EA’s Monopoly Hotels shows the Monopoly board from a new perspective

By Pete Davison Comment

Monopoly Hotels is a new free-to-play iOS game from EA. A recent release, the game had a strong showing this week in our emerging top grossing iOS apps list.

Monopoly Hotels tasks players with building and managing a chain of hotels in locations based on the iconic Monopoly board. The game has been localized so that in the U.K. App Store, players are building hotels on Old Kent Road, The Angel Islington and the like, while in the U.S. store, players will find themselves building everywhere from Mediterranean Avenue to Boardwalk.

The game introduces the basic play concepts through a brief tutorial led by Mr Monopoly himself, who explains how to build rooms in a hotel, collect rent from the residents and complete their various “requests,” which generally require the presence of specific rooms in the same hotel. Part of the game’s challenge comes from ensuring that the desired rooms all fit in the limited space available in the various hotels, as some of them are short and long, while others are tall and thin.

The player earns income by collecting rent from the various residents, which pops up every few minutes. The skies also regularly rain money, with stronger deluges coming upon leveling up and completing tasks. A robber character also puts in a regular appearance — sending him to jail by tapping on him nets the player a monetary reward.

There are a number of minigames based on iconic non-residential locations on the Monopoly board. For example, on occasion, the player’s hotels will be left without power. If this is left unchecked, residents will pay less rent, so at this point it becomes necessary for the player to pay the Electric Company a visit and tap rapidly on it to recharge its stocks of power.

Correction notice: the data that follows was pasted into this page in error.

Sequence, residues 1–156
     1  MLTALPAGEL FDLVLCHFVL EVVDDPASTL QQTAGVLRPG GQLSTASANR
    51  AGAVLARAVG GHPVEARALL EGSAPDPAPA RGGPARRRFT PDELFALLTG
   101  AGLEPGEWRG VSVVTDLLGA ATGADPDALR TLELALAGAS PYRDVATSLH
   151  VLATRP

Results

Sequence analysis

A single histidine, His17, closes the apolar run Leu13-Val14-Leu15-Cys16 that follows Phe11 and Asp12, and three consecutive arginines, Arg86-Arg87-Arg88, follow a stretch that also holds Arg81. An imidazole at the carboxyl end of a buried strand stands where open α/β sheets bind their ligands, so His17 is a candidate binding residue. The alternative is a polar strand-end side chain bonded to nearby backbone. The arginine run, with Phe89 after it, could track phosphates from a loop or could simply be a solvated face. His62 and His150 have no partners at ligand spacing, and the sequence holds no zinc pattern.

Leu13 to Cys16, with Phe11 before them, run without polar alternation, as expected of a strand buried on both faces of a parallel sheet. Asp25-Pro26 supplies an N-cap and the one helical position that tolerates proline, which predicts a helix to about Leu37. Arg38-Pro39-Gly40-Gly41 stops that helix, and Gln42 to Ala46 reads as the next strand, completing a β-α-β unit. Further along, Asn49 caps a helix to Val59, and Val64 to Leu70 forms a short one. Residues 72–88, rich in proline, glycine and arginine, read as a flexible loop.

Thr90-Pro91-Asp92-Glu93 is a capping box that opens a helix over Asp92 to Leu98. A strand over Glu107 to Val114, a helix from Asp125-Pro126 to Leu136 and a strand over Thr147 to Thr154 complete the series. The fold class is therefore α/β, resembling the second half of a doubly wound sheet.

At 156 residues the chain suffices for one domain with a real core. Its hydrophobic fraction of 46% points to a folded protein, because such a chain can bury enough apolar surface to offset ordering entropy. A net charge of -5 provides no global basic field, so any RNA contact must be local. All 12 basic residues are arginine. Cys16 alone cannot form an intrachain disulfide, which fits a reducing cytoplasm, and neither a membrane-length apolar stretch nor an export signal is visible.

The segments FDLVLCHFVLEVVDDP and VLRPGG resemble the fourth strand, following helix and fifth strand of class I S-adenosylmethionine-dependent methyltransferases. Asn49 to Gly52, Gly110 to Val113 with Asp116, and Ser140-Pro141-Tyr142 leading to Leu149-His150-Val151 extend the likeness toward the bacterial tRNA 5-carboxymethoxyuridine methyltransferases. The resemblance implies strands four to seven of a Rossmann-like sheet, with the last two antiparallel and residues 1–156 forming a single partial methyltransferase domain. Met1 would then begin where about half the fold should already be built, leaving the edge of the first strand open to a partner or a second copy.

Most of the characters seen in the game are original creations. However, in exchange for the game’s hard currency, it’s possible to construct various VIP rooms. Those VIP clients come from other brands like Hasbro’s Mr Potato Head and Littlest Pet Shop. They typically provide the player with considerably larger monetary and experience point rewards than those rooms purchased using only soft currency. Hard currency may also be used to hurry the production of rooms and the opening of new hotels, and may be acquired either through in-app purchase or via an in-app offer wall in partnership with a wide range of local advertising providers.

Social features are not currently implemented in the game. Like most of EA’s other titles, the publisher has chosen to forgo established mobile gaming networks such as OpenFeint and Game Center for its online features and instead requires players to sign up for the publisher’s own Origin service if they wish to make use of the upcoming friends feature. When this is added, players will be able to visit friends’ hotels and compare progress on leaderboards.

Monopoly Hotels is available now from the App Store. It is currently ranked at No. 5 in Top Free Apps, No. 4 in Top Free iPad Apps, No. 4 in Top Free Games and No. 4 in Top Free iPad Games. It is currently both the No. 18 top grossing app and top grossing game in the iPhone App Store, though on iPad it is the No. 28 top grossing app and the No. 14 top grossing iPad game.

To follow Monopoly Hotels’ progress through the App Store charts, check out AppData, our tracking service for social and iOS games and developers.